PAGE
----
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But the one half is not yet told; a stranger and more horrible outrage on the human character yet remains. Behold then the grave senator, the plain citizen, and the rude vulgar, with the matron and delicate female, in whose bosoms pity and compassion should dwell, all seated in their appropriate departments. After surveying perhaps an hundred human carcasses, mangled, and strewing the ground with as many slain beasts, they call for a higher and more interesting kind of entertainment; when lo! issuing from opposite sides of the bloody space, two combatants called gladiators, armed according to the fashion of the age, meet, salute, embrace, and then prepare for desperate fight; which is pretty sure not to end till one is killed outright, and the other, it is likely enough, severely wounded. See the spectators exulting in their streaming blood, applauding him who undauntedly faces death, or hissing and expressing every mark of contempt for him who shrinks from the uplifted sword. See expectation on tiptoe; every eye strained and eagerly waiting the event. Contemplate this bloody work till fifty or an hundred pairs in succession have thus, for no cause but pure amusement, shed each others' blood, and heaped the ground with the slain; call to mind that these combatants are either prisoners of war, compelled thus to take the lives of their friends under a hope of saving their own, or persons trained to the business, and serving for hire; thus making a trade of murder. What must have been a people that could encourage and delight in such exhibitions! How blunted must have been their feelings! And how prone to bloedshed and violence towards one another! Accustomed to witness human slaughter for their amusement, they can very hardly be supposed to have much abhorrence of it, to gratify any other passion. How ought we to hail, with the liveliest emotions of gratitude, the beneficent cause that has banished from the earth this blot upon the human character! This cause was the spirit of the gospel.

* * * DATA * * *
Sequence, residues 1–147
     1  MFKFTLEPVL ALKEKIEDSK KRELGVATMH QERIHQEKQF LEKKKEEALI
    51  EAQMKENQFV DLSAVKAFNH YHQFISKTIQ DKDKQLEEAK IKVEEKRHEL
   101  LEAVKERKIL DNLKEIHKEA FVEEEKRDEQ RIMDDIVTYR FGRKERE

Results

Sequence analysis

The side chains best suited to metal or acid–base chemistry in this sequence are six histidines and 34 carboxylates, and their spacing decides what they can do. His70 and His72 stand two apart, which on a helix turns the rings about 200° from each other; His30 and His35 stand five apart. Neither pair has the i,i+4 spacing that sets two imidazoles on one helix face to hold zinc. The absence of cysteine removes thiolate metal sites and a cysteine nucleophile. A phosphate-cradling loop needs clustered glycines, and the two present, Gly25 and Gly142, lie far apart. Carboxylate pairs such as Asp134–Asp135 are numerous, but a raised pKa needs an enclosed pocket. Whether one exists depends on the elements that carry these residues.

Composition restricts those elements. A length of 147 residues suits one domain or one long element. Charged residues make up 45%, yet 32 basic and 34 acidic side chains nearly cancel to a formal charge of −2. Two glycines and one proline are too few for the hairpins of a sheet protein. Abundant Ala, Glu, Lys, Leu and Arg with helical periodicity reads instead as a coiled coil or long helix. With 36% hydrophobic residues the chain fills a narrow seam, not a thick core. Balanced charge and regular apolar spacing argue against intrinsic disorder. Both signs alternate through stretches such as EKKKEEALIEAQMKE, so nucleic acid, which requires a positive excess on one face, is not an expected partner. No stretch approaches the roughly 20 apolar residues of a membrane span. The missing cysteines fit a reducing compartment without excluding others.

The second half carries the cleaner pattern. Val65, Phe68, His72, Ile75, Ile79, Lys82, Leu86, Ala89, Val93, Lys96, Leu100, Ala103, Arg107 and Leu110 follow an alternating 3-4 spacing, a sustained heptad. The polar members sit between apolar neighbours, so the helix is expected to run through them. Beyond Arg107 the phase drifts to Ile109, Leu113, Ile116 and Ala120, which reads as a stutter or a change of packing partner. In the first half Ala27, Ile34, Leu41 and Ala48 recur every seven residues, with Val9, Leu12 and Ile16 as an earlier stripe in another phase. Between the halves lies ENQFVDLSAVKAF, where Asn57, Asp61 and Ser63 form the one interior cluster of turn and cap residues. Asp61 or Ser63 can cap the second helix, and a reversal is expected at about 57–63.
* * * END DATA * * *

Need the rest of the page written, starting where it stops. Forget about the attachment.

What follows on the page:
The early professors of Christianity saw the total opposition there 'was between such unnatural amusements, and the precepts by which they professed to govern their lives, and zealously set themselves to reform the monstrous abuse. They inveighed with spirit and high indignation against such wanton destruction of lives, and such a fatal sacrifice of all regard to humanity. They plead, they exhorted in the most moving and affectionate manner; they described the corruption of taste, and the hardened barbarity of heart produced by such spectacles. Hear one of them, who before his conversion had doubtless often witnessed these shocking scenes of blood and murder; but being converted, he stood among the most undaunted champions in opposition to them; and in the cause laid down his life.

"If you turn your eyes towards cities and places of resort, you will find there a more melancholy spectacle than what could arise out of the most solitary desart.

"Here you have prizes fought and men imbruing their hands in the blood of each other, for the entertainment of spectators as cruel and savage as themselves. Their bodies are dieted with strengthering food, their muscles filled up, and their limbs well hardened; they are, as it were, fattened for the sham